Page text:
I am not a member of the NTSB, but I did stay at another Holiday Inn Express last night…
What came first…the chicken or the egg?
We are kidding ourselves if we think ice played no factor in this. So ask yourself…did the ice cause the crash, failure of the pilot to react, failure of de-icing equipment to work, etc??? Phrase it anyway you want but at the end of the day, ice was the issue here.
I did not mean lat/long where the ice was building, I meant where on the airframe was the ice building? According to one previous post it could not build on the wing due to the wing having a hot leading edge! also if you are in an airbus, how much and how well can you see the wing? Something to think about. I’ve flown in icing conditions like this and when the ice I report as building would be on something that cannot get rid of the ice and therefore has no effect on the ability of the airplane to fly. Does that make any sense? It just gives me a sense of how much ice i’ve built during my time in the icing conditions.
k – let me try this one more time, then i move on…
here are the facts, as i know them – no assumptions or implications unless noted – just the facts, ma’am
and i’ll say also at the outset – no one fact by itself means fatalities – it’s the combo
mod. icing and mod. severe turbulence in the forecast [not confirmed]
deice on 10 min. after take off [or maybe after engine start? – not certain which]
captain less than 100 hrs in type
flt. t/o bout 2 hrs behind schedule
[assumption] crew on duty 13.5 hours
icing discussed on cvr; reported to atc by other arrivals
ice on colgan’s windscreen
ias 130 k before flaps and gear
a/c vectored to intercept just outside klump [marker]
imc at the marker [per delta 1998]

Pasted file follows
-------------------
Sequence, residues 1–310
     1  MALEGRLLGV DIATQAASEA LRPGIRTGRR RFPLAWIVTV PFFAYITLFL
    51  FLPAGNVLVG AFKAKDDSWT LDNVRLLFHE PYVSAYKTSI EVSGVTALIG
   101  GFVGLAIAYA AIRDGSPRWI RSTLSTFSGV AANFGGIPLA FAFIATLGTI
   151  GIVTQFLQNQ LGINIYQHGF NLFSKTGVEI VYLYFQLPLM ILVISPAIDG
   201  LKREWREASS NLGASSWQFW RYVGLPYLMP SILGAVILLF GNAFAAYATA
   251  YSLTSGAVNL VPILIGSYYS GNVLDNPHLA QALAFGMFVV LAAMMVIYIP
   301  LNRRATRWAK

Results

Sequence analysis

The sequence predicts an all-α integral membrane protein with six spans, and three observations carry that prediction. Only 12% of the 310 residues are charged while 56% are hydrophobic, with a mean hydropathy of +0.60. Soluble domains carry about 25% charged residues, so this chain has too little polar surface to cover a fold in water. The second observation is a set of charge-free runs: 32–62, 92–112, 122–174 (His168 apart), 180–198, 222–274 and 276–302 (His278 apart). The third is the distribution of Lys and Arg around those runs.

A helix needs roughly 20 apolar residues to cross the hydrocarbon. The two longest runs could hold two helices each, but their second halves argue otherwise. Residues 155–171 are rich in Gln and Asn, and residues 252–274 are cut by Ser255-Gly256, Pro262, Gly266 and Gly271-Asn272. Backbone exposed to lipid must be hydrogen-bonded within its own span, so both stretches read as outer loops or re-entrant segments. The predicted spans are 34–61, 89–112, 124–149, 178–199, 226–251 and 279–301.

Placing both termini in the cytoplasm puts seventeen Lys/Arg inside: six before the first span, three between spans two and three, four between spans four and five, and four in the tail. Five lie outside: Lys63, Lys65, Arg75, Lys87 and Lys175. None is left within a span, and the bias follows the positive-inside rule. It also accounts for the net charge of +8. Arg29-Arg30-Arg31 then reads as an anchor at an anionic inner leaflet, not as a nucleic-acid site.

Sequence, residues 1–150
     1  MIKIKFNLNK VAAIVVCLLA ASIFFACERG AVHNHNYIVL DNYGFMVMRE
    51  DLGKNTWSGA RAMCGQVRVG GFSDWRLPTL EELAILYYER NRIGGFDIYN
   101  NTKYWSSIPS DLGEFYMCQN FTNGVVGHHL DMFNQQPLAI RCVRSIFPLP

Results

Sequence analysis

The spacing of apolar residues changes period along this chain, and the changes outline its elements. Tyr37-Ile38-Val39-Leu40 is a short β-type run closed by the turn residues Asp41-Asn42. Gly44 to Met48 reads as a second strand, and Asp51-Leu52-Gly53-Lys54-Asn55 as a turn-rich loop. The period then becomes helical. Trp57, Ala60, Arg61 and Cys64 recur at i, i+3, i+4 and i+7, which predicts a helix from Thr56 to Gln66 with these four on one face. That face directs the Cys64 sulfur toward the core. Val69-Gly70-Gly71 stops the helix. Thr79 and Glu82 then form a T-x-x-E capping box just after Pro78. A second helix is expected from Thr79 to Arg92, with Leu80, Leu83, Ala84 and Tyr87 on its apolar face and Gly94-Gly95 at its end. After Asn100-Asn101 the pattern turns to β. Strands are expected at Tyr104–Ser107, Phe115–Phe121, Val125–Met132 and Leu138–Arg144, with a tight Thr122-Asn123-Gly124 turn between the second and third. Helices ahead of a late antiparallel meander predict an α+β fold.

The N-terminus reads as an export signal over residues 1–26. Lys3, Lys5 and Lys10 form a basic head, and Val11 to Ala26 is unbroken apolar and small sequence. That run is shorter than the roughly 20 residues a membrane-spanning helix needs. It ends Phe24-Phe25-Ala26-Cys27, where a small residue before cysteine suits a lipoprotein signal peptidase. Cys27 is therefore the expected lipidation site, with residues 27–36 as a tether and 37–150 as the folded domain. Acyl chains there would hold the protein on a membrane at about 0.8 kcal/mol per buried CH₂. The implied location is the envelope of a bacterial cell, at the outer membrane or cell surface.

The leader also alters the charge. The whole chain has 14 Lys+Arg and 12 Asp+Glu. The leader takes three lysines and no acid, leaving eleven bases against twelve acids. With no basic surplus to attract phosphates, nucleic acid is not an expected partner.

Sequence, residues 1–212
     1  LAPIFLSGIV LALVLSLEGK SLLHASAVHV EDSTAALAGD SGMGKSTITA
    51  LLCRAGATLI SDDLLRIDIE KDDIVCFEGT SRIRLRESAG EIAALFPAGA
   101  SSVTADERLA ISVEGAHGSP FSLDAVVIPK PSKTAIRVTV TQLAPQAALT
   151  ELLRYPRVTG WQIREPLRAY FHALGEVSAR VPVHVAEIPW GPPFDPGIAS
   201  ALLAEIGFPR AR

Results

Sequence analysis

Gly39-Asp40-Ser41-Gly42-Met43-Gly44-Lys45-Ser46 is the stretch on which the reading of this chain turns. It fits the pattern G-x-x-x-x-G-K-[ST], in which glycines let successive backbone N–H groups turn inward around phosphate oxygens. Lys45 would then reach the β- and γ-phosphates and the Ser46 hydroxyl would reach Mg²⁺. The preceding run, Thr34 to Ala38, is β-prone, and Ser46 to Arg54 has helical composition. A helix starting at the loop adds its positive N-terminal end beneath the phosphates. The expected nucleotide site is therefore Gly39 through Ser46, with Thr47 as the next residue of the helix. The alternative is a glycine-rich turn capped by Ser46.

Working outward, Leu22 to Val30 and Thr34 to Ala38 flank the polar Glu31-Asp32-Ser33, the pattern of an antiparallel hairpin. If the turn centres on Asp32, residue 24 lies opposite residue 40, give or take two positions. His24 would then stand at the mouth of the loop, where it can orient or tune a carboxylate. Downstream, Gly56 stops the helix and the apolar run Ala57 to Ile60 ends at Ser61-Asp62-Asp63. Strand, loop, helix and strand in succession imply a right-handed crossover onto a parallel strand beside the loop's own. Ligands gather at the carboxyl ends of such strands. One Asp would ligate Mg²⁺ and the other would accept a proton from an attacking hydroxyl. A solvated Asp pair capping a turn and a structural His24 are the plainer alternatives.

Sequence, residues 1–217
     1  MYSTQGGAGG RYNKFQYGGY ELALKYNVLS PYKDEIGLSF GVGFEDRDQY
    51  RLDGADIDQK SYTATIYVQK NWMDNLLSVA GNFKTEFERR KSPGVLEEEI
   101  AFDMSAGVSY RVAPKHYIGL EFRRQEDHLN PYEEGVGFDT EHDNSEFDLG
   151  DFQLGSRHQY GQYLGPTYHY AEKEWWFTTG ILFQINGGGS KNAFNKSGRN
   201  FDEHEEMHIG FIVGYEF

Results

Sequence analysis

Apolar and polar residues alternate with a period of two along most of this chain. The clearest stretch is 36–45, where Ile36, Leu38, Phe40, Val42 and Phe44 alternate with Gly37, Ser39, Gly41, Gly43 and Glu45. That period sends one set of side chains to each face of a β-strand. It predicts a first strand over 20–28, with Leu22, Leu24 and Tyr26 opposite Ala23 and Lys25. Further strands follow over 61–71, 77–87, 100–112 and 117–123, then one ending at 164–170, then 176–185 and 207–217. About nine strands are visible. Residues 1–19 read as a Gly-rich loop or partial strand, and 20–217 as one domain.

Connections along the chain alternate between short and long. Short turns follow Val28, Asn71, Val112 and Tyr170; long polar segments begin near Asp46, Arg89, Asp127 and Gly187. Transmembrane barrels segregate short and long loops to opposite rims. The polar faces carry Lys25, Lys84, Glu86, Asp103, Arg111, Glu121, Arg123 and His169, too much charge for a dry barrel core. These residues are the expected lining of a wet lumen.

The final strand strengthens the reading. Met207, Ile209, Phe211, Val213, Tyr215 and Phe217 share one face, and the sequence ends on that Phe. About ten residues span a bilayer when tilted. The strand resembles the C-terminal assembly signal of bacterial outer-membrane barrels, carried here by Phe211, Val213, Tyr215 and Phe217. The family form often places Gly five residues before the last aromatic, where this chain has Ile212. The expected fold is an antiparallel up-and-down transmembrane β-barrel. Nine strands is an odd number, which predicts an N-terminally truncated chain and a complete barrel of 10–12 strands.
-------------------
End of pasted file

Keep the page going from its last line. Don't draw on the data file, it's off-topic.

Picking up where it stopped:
atc asked for verification of loc operation
dl1998 reports + and - 1 dot deflection at 1500 msl
what do these facts add up to?
what can they add up to?
ok – now a few responses to capt mel’s post above –
re. delta – yes – re. their climb and alt. verification
re. the loc – maybe yes, maybe no
if u want to listen to atc after 1031 that nite, there may be more info from other a/c re. the loc – but maybe not, cuz basically, they were breaking our rt past the marker and mostly had visual all the way in from there – can’t say for certain though – so if anyone wants to listen – that would be helpful
re. emergency – none of these facts by themselves = emergency, and when you’re 1500 agl or lower [fact] and your stick pusher shoves the nose down [fact] and u pull the stick back and override it [fact], go full power [fact] and the nose goes 30 degrees above horizon [fact] and your last ias readout shows 100k [fact]…
mayday won’t help
re. the ntsb:
once ntsb issues its final – it’s FINAL!
they don’t help! [sides – who pays them? – and only victims’ families have standing in the case [no–i’m not an atty]]
are we done now? was it as good for you as it was for me?? ;-]
Again, the way you are coming off is what I’m implying. You sound like you are making judgement on this crew to me and a few others as well. I’m just saying let us leave the fact finding to the NTSB. Is there a problem with that, no not that I can see. I have seen all the things you have seen and I’m still saying lets just wait for the NTSB report to come out. If we can’t then maybe we should be working for the NTSB.
Thanks AZ, they did bump the max speeds up for gear and flap extensions on the 400. From what I’ve read and seen on the websites out there, the 400 sounds like a really big improvement and I wish I could have flown it as well! But I have had a lot of fun in the planes I’ve flown since just as much.
I’m going to get flamed for this…BUT, when I have done de-ice training (ramp) the crew have a ref. point where they can look from the cockpit normally on the Capt. side to the leading edge…towards the tip and get a feel for what is going on…or and again someone will correct me…the bottom of the windscreen/ top of the nose. Yes/no?
SO in my round about way, on a Bus, the crew ought to be able to see by looking back over their shoulder.